COLUMBUS, Ohio (WCMH)– Restaurants have been one of the hardest hit industries during the COVID-19 pandemic. They are continuously trying to find ways to keep the lights on, and one way they’re are seeing success is with temporary patio expansions. But there is a roadblock for some of the restaurants in Columbus.
“Everybody is trying to keep their head above water. No one is trying to make money,” said Seventh Son Brewing co-owner Collin Castore.
“In the state, Columbus is the only locality that’s holding back on [temporary patio expansions],” said John Barker, Ohio Restaurant Association president and CEO.
Barker says restaurants have seen the success in other cities and even municipalities in Franklin County.
Collin Castore is a co-owner of Seventh Son Brewing in Italian Village. He says he’s been trying to expand his patio into his parking lot since May. He says he’s had push back from the city and their reasoning has changed a few times.
“Now it’s shifted to ‘we don’t want people to go out at all,’ and I completely understand that but the reality is people are going out,” noted Castore.
“It’s totally inconsistent with all of their peers,” explained Barker.
Franklin County Public Health also stands behind the idea of a patio expansion.
“We know being outside is better than being inside so we feel that plays into that decision,” explained Garret Guillozet from Franklin County Environmental Health with the health dept.
Guillozet says they can normally approve an application within 48 hours.
“We make sure they’re not adding any new equipment, any new bars, taps, pour stations and it’s just really seating and spreading people out. We always tell the business that it’s contingent on local zoning rules and restrictions. We have jurisdiction in every other place except for Columbus and Worthington,” he said.
He says they have shared information about the success of this patio expansion with the city of Columbus.
“I shared with them what we’re doing and how were ensuring the businesses are complying. We looked at it as it’s not so much so that businesses are trying to increase capacity they’re just trying to recover what they lost when they had to separate their tables six feet apart,” Guillozet said.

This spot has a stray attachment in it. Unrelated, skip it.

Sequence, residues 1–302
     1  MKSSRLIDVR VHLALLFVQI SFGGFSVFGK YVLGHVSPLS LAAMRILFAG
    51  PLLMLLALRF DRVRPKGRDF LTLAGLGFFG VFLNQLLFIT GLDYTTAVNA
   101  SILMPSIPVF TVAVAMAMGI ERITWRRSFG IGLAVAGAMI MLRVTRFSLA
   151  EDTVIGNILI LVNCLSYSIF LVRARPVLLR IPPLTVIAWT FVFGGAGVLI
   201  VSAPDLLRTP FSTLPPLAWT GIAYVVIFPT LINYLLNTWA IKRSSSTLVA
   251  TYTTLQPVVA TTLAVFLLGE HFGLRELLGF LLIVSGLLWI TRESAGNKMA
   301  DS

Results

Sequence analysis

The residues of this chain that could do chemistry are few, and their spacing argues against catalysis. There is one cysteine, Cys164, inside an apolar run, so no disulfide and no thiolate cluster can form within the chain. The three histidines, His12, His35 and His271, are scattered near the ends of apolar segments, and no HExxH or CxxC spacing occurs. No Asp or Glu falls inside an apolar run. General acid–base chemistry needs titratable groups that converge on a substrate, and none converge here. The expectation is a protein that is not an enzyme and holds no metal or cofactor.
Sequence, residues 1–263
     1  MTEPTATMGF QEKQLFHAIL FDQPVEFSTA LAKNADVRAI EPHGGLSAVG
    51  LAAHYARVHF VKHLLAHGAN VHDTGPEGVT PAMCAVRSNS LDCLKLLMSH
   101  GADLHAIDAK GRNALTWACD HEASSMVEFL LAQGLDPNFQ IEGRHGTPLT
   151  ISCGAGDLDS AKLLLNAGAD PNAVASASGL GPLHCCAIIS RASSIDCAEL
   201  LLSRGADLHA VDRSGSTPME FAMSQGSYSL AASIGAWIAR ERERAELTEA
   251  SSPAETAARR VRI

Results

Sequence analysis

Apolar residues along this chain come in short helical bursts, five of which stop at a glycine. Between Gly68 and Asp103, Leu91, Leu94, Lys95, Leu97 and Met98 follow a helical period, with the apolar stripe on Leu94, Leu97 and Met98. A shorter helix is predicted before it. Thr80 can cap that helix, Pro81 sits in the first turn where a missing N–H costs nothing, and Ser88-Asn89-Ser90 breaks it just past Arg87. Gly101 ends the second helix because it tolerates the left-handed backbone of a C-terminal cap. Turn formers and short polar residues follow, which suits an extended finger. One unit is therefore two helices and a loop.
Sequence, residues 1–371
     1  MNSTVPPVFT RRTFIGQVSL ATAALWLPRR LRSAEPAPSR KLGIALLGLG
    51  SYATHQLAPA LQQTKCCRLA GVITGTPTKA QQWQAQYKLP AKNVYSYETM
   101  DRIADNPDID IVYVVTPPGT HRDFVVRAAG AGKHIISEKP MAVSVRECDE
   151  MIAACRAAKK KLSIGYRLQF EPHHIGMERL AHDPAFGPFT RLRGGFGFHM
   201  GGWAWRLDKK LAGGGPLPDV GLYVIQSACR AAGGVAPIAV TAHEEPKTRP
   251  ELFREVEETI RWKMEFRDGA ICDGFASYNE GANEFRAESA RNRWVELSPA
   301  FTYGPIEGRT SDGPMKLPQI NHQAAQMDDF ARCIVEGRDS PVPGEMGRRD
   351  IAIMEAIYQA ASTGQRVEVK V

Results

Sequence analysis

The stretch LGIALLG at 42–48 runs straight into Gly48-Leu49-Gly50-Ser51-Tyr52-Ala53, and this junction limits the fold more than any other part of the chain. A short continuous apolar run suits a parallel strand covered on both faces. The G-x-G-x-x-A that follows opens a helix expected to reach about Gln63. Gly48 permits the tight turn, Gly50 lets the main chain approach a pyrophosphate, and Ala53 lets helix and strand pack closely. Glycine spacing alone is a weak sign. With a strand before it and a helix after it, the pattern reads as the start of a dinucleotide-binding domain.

Barker says this small change could mean the difference between a thriving city and one that will soon see a dramatic change in the way it functions.
“I don’t know if Columbus is thinking about the impact this could have on the city because revenue is already going to be way down,” Barker added.
“Everyone is just trying to survive and this is getting in the way of helping people survive,” noted Castore.
Columbus Public Health is aware of the situation. Castore has been emailing multiple people to try and get his temporary expansion approved.
We are keenly aware of the financial impact COVID-19 has had on bars and restaurants, but COVID-19 cases continue to increase in our community and across the country. We have no plans to change our building and zoning process, so nothing is on hold. A request that wouldn’t have been approved prior to COVID-19 is not going to get special consideration now.Columbus Public Health
Right now the city is allowing the normal patio expansions, so according to Castore they have to go through multiple people and avenues to get what they need to get it approved.
Castore says its an almost impossible task and even if he started in May there would have been no guarantee he would have been approved by the end of the season. The temporary patio expansion is just for seating.
“The Governor himself has said that it’s so much better that if people go out they stick to the outside stick to the patios. They basically said go do this impossible thing and then we’ll talk to you about your permit but everyone knows it’s impossible to turn a parking lot into a dining room,” Castore added.